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Cricket in uncharted territory as T20 World Cup starts in Texas

<a class="link " href="https://sports.yahoo.com/soccer/teams/canada-women/" data-i13n="sec:content-canvas;subsec:anchor_text;elm:context_link" data-ylk="slk:Canada;sec:content-canvas;subsec:anchor_text;elm:context_link;itc:0">Canada</a>'s Nicholas Kirton bowls during a net session ahead of Saturday's T20 Cricket World Cup opener in Dallas against the United States (ROBERT CIANFLONE)

Cricket ventures into uncharted territory on Saturday as the first ever major tournament to be staged in the United States gets under way in Texas with the opening game of the T20 World Cup.

A month-long festival of the fastest and most explosive form of the sport -- which is being shared between venues in Texas, Florida, New York and the Caribbean -- begins with the US taking on Canada at the Grand Prairie Stadium on the outskirts of Dallas on Saturday.

It marks the opening skirmish of the first ever major International Cricket Council (ICC) event to be held in part in the United States.

While the bulk of the tournament will be played out in the Caribbean, 16 group stage games in the 20-team tournament will be played on American soil, including the highlight of the group stage -- a clash between India and Pakistan.

That match is due to be played at a 34,000-capacity temporary venue in Long Island, New York on June 9.

The rest of the tournament will be held in the West Indies, including the Super Eight stage, the semi-finals and the final, which will be played at Kensington Oval in Bridgetown, Barbados.

While cricket is widely played at a recreational level in the United States, with strong presences in all three of the states that have been chosen for games, organisers are realistic about the chances of "converting" mainstream American sports fans.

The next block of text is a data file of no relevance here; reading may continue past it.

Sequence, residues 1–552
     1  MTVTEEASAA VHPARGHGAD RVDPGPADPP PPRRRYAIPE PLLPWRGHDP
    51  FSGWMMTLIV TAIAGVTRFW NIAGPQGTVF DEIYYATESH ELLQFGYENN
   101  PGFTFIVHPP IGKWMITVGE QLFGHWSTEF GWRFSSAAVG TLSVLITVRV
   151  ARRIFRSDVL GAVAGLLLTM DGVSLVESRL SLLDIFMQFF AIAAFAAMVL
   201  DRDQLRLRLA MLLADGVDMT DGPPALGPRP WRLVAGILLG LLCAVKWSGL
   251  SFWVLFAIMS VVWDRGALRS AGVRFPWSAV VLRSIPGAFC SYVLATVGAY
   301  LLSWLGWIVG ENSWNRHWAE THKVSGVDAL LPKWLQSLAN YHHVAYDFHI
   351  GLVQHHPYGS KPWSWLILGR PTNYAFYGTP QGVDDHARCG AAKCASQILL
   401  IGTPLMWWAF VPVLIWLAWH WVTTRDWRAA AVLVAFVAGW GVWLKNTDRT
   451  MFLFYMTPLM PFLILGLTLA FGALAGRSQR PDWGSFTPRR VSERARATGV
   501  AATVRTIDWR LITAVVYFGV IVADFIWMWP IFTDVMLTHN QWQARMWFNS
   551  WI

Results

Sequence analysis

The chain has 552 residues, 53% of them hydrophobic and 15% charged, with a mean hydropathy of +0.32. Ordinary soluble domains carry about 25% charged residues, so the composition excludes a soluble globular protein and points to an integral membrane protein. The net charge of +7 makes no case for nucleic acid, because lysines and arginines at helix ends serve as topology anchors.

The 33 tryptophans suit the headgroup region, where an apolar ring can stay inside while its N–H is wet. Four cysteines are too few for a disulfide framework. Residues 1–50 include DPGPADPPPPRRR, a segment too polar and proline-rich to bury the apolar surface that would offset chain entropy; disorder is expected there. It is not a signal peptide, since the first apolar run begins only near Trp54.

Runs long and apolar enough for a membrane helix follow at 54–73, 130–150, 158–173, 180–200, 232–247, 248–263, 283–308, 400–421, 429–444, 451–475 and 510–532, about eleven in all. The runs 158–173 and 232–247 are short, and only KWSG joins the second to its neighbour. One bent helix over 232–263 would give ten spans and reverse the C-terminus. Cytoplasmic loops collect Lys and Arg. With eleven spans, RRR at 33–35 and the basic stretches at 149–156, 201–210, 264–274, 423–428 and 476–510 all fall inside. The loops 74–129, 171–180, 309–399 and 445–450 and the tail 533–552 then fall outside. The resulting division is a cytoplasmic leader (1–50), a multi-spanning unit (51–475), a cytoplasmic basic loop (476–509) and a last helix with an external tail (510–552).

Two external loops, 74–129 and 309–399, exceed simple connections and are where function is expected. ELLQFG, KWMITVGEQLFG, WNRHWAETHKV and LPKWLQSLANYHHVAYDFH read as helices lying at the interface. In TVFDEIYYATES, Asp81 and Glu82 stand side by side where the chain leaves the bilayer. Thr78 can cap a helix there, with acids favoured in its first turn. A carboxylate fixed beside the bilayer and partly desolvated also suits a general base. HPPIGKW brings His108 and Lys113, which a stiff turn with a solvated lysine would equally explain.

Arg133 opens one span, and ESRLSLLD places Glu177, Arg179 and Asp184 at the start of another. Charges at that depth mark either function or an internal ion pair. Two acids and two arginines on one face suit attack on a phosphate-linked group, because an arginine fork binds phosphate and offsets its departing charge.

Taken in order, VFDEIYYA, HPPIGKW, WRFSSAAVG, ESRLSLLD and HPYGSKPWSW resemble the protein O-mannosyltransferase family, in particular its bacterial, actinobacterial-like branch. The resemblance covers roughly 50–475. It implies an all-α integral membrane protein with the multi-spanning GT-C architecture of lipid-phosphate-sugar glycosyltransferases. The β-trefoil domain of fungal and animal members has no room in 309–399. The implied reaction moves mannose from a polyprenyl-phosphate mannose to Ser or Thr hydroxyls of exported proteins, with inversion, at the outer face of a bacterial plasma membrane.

USA batsman Aaron Jones said the hosts are aiming to impress American fans both on and off the field.

"Obviously what you do on the field is very important," Jones said. "We want to get a lot more support from the American born-and-raised people.

"I think we could only do that by playing good on the field and obviously interacting with the fans or the growing fans off the field as well."

The ICC also sees the tournament as a launch pad towards the sport's return to the Olympics for Los Angeles 2028, when the T20 format will be used.

Major League Cricket, a T20 tournament, was launched last year and also stands to benefit from any growth in interest in the big-hitting, spectacular shortest form.

But it is not only the American market that the ICC is focused upon -- the expansion of the tournament has opened up opportunities for newer cricket nations to compete on the big stage.

In recent years, the sport has been able to expand outside of its traditional strongholds with Ireland and Afghanistan earning places in the 12-strong elite with full Test status.

But the ICC see the T20 format as the perfect vehicle for growing the game and this year's edition will feature three T20 World Cup debutants in the USA, Canada and Uganda.

Nepal, Papua New Guinea and Oman are among the other nations who are relatively new to the big stage and who will be looking to make their mark and grab some attention with an upset win.

With the teams drawn in four groups of five teams, with just the top two advancing, none of the smaller nations are expected to progress beyond the group stage and there is a danger the pool stage could mainly be a 'weeding out' process.

- India favourites -

India, winners of the first edition in 2007, are the favourites, with their lineup packed with players from the annual Indian Premier League.

Australia, winners of the ODI World Cup last year along with the World Test Championship, opted to leave out their veteran batsman Steve Smith but big-hitting David Warner and pacemen Mitchell Starc and Pat Cummins provide plenty of experience.

Other possible contenders include defending champions England, who will be without the star of their 2022 triumph Ben Stokes, who is managing his fitness after a knee operation. England warmed up for the tournament with a seven-wicket rout of Pakistan in London on Thursday.

Co-hosts West Indies won the tournament in 2012 and 2016 and are hoping that they can benefit from familiarity with the surfaces in the region.

South Africa, New Zealand and Pakistan will all fancy their chances of making an impact in a tournament which always produces surprises.

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